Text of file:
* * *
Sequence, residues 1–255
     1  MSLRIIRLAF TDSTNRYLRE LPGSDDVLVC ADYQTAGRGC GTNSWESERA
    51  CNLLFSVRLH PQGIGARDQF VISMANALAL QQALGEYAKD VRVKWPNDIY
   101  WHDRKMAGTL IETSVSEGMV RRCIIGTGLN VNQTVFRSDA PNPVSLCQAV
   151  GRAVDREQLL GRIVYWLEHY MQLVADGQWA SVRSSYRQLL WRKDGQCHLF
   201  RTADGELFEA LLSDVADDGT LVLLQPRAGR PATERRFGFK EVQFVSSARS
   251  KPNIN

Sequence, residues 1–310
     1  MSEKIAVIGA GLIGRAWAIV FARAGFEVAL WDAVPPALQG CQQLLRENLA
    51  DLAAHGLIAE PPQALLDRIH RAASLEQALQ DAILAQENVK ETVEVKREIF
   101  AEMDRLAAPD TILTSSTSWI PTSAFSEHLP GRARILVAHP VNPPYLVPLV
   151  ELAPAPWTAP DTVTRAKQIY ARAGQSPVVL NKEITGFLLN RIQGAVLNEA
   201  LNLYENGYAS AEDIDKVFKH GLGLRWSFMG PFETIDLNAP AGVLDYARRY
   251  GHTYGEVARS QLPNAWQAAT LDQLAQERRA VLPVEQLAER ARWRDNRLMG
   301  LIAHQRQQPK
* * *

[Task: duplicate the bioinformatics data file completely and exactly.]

Sequence, residues 1–255
     1  MSLRIIRLAF TDSTNRYLRE LPGSDDVLVC ADYQTAGRGC GTNSWESERA
    51  CNLLFSVRLH PQGIGARDQF VISMANALAL QQALGEYAKD VRVKWPNDIY
   101  WHDRKMAGTL IETSVSEGMV RRCIIGTGLN VNQTVFRSDA PNPVSLCQAV
   151  GRAVDREQLL GRIVYWLEHY MQLVADGQWA SVRSSYRQLL WRKDGQCHLF
   201  RTADGELFEA LLSDVADDGT LVLLQPRAGR PATERRFGFK EVQFVSSARS
   251  KPNIN

Sequence, residues 1–310
     1  MSEKIAVIGA GLIGRAWAIV FARAGFEVAL WDAVPPALQG CQQLLRENLA
    51  DLAAHGLIAE PPQALLDRIH RAASLEQALQ DAILAQENVK ETVEVKREIF
   101  AEMDRLAAPD TILTSSTSWI PTSAFSEHLP GRARILVAHP VNPPYLVPLV
   151  ELAPAPWTAP DTVTRAKQIY ARAGQSPVVL NKEITGFLLN RIQGAVLNEA
   201  LNLYENGYAS AEDIDKVFKH GLGLRWSFMG PFETIDLNAP AGVLDYARRY
   251  GHTYGEVARS QLPNAWQAAT LDQLAQERRA VLPVEQLAER ARWRDNRLMG
   301  LIAHQRQQPK